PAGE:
The U.S. Department of Agriculture’s latest “Cattle on Feed” report showed that the feedlot inventory for feedlots with a capacity of 1,000 head or more totaled 11.7 million head on June 1, 2020, fractionally below the same period last year and the second-highest June 1 inventory since the series began in 1996. The number came in near analysts’ pre-report estimates.
According to the report, placements in feedlots during May totaled 2.04 million head, 1% below 2019. Analysts had expected a 2% year-over-year decline. Net placements were 1.97 million head.
During May, placements totaled: 375,000 head for cattle and calves weighing less than 600 lb., 305,000 head for those weighing 600-699 lb., 485,000 head for those weighing 700-799 lb., 532,000 head for those weighing 800-899 lb., 235,000 head for those weighing 900-999 lb. and 105,000 head for those weighing 1,000 lb. and greater.
Marketings of fed cattle during May totaled 1.50 million head, 28% below 2019 and the lowest May marketings since the series began in 1996. The number was larger than the analysts’ pre-report estimates of 26%. However, USDA livestock analyst Shayle Shagam pointed out that there were two fewer slaughter days this May. “As a result, when you factor that in, we were down only about 20% in May,” he said.
Following a challenging May, Shagam said there are signs of improvement for the beef industry's situation as plants are mostly back on line.
“As we sort of worked our way through the month, we began to see more and more plants come on line; we began to see increased line speeds [and] some higher Saturday slaughter,” he said. “There became an increased impetus to pull some of those cattle out of the feedlots.”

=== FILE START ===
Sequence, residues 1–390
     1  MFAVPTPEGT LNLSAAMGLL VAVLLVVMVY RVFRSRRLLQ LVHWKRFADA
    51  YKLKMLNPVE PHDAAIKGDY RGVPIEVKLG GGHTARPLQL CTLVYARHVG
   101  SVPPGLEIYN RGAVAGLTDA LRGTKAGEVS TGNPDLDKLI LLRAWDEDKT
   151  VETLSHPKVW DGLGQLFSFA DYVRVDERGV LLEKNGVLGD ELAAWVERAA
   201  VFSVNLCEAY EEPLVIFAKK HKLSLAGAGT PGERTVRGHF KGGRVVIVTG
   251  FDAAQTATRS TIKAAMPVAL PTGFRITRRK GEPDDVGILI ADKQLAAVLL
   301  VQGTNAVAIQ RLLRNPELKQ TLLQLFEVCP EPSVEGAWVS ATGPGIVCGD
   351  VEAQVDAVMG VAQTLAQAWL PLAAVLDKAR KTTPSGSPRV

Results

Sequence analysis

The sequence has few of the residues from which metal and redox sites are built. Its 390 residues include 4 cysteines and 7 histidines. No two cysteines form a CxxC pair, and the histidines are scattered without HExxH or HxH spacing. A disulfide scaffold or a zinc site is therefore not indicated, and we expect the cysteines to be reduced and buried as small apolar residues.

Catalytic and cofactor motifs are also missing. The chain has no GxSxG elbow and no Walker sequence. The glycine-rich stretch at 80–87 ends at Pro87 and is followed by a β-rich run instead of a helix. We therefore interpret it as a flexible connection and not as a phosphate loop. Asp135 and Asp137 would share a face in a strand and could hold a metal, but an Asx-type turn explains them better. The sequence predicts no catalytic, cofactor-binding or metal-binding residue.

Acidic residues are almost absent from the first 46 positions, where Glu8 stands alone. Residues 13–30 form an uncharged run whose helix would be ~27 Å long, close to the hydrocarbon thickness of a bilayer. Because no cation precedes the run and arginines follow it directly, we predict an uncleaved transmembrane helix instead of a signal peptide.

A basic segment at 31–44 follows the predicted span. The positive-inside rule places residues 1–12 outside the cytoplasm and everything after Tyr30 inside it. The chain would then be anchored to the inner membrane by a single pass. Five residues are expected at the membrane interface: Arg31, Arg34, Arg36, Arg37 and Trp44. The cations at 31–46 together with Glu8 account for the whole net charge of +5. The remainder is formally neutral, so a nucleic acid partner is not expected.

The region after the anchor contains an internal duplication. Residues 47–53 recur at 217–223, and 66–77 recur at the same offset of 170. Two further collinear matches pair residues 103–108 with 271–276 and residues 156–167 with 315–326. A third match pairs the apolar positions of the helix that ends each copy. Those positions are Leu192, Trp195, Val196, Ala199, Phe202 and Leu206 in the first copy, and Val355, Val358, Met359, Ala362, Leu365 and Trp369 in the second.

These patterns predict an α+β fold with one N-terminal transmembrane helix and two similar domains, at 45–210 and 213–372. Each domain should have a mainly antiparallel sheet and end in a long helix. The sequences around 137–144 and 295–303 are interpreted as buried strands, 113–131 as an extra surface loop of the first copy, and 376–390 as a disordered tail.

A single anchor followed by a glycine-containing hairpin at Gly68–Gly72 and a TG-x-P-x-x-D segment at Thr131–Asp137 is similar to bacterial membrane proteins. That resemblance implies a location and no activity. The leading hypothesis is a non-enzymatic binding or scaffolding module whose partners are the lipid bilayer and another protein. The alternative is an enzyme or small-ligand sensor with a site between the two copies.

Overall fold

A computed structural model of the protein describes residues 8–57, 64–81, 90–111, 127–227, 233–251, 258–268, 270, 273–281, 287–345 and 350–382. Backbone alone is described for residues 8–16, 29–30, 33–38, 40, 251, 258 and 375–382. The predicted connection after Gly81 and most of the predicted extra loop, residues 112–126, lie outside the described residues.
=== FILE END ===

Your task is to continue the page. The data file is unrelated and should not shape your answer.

USDA also reported that feeder cattle prices in May were $12.00/cwt. below the same period last year. Shagam said those prices have started to rise, “even though they are below a year ago.”
In CME Group’s “Daily Livestock Report,” Steiner Consulting Group (SCG) said decent pasture conditions early in the spring allowed some producers to keep their calves longer and add pounds outside of the feedlot. Further, SCG noted that the current backlog of fed cattle and uncertainty about demand continue to incentivize keeping cattle outside of feedlots.
Oklahoma State University extension livestock marketing specialist Derrell Peel said the backlog of fed cattle will continue to plague feedlots and fed cattle markets for many weeks. However, he did note that feedlot placements and marketings will return to more typical seasonal levels from June through the second half of the year.
With beef supplies increasing in the second half of the year, Peel said beef demand will be critical.
“Retail grocery will transition from limited beef supplies in recent weeks to ample supplies at the same time that foodservice demand is slowly building," he said. “Wholesale boxed beef prices have dropped nearly back to pre-COVID-19 levels and may go lower into midsummer as abundant third-quarter beef production could highlight potential recessionary demand weakness.”